Microsoft Office Tutorials and References
In Depth Information
have a count of 14 females (marginal column totals
14). By not includ-
ing a dimension, such as Age, we ignore age differences in the data. The same is
true for Income. More precisely we are not ignoring Age or Income, but we are
simply not concerned with distinguishing between the various categories of these
two dimensions.
So what are the preliminary results of the cross-tabulation that is performed in
Table 5.3 and 5.4? Overall there appears to be more good than bad evaluations of
Product 1, with 11 bad and 18 good . This is an indication of the relative strength of
the product, but if we dig a bit more deeply into the data and consider the gender
preferences in each region, we can see that females are far less enthusiastic about
Product 1, with 7 bad and 7 good. Males on the other hand, seem far more enthu-
siastic, with 4 bad and 11 good . The information that is available in Table 5.4 also
permits us to see the regional differences. If we consider the South region, we see
that both males and females have a mixed view of Product 1, although the number
of respondents in the South is relatively small.
Thus far, we have only considered count for the data field of the cross-tabulation
table; that is, we have counted the respondents that fall into the various intersec-
tions of categories—e.g. two Female observations in the West have a bad opinion of
Product 1. There are many other alternatives for how we can present data, depending
on our goal for the analysis. Suppose that rather than using a count of respondents,
we decide to present the average income of respondents for each cell of our data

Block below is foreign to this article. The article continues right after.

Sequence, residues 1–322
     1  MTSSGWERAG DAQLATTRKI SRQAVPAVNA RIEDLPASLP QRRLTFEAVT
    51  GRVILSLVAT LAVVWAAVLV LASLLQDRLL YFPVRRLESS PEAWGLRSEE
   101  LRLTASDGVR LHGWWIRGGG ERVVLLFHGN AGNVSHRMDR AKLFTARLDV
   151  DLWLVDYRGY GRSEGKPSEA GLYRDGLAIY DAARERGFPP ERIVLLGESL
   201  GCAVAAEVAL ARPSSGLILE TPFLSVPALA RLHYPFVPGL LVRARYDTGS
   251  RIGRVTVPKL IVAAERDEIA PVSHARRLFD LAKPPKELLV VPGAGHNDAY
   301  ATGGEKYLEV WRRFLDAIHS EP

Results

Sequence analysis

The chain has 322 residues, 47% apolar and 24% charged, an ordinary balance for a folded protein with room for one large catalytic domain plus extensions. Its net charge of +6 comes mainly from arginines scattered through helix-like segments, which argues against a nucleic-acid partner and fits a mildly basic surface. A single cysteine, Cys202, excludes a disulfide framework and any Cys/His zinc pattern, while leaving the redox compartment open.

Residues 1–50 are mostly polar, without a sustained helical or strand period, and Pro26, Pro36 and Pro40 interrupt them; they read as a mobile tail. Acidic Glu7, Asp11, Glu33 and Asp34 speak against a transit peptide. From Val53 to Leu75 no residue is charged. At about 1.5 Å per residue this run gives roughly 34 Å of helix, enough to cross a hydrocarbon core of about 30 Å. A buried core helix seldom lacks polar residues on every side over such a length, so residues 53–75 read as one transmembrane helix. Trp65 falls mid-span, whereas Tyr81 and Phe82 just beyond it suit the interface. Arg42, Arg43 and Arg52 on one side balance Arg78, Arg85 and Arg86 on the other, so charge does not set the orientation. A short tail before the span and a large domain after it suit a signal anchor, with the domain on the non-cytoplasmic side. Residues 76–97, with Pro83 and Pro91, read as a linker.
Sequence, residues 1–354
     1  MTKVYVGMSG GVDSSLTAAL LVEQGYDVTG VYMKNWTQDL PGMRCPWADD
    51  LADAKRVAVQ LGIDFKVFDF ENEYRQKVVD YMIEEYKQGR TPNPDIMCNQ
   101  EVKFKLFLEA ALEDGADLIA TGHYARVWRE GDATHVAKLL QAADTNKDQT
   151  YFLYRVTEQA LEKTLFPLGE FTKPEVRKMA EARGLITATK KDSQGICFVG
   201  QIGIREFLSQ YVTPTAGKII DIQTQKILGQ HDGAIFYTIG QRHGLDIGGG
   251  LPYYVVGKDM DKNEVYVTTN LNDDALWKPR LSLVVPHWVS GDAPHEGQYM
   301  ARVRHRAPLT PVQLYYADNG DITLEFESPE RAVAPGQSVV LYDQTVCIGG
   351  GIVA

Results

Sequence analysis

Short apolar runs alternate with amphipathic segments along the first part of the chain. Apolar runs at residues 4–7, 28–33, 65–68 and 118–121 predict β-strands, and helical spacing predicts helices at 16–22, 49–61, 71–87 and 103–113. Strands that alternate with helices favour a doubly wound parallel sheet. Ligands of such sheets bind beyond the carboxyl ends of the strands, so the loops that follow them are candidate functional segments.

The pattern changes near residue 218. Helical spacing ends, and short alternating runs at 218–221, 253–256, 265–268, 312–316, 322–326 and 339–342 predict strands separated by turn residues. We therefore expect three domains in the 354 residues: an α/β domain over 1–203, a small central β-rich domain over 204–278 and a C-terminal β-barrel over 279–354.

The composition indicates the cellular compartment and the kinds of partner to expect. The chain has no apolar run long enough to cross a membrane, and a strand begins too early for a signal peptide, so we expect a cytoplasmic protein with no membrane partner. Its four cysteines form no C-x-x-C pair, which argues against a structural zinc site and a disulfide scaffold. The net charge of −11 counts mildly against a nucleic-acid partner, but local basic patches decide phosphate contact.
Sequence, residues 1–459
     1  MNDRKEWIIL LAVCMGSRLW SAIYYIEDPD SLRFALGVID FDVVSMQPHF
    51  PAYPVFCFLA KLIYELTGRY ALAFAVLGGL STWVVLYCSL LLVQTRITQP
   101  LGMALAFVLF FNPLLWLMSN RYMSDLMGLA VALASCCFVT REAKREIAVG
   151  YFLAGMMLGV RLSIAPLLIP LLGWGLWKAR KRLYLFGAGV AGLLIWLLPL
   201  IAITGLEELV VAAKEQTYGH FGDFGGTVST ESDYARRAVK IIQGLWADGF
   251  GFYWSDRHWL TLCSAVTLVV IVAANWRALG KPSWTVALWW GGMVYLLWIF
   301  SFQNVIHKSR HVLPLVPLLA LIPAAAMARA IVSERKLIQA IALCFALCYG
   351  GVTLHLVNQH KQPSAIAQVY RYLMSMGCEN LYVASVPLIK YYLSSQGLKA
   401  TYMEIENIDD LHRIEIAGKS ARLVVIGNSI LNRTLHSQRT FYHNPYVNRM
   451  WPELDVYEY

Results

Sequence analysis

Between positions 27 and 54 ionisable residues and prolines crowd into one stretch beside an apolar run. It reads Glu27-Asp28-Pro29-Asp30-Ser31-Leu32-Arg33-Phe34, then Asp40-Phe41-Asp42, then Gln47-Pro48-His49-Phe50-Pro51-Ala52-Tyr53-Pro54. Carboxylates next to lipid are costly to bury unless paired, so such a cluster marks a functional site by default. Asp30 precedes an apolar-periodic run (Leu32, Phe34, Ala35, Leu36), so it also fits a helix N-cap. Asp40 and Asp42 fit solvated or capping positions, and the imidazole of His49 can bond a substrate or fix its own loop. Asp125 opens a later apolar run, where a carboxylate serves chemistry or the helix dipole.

area. Other options for the income data could include the sum, min, max, or standard
deviation of the respondent’s income in each cell. Additionally, we can calculate the
percentage represented by a count in a cell relative to the total respondents. There
are many interesting and useful possibilities available.
Consider the cross-tabulation in Table 5.3 that was presented for respondent
counts. If we replace the respondent count with the average of their Income, the data
will change to that shown in Table 5.5. The value is $100,750 for the combination of
Male/Bad in the cross-tabulation table. This is the average 4 of the four respondents
found in Table 5.2: #8–$123,000, #10–$48,000, #16–$138,000, and #27–$94,000.
TiendaMía.com might be very concerned that these males with substantial spending
power do not have a good opinion of Product 1.
...
3+4+2+5
=
Table 5.5 Cross-tabulation
of gender and product 1
preference in terms of
average income
Product 1
Gender
Bad
Good
Totals
Female
61,571.4
25,071.4
43,321.4
Male
100,750.0
47,000.0
61,333.3
Totals
75,818.2
38,472.2
52,637.9
4 (123,000 + 48,000 + 138,000 + 94,000) / 4
=
$100,750.
 
Search JabSto ::




Custom Search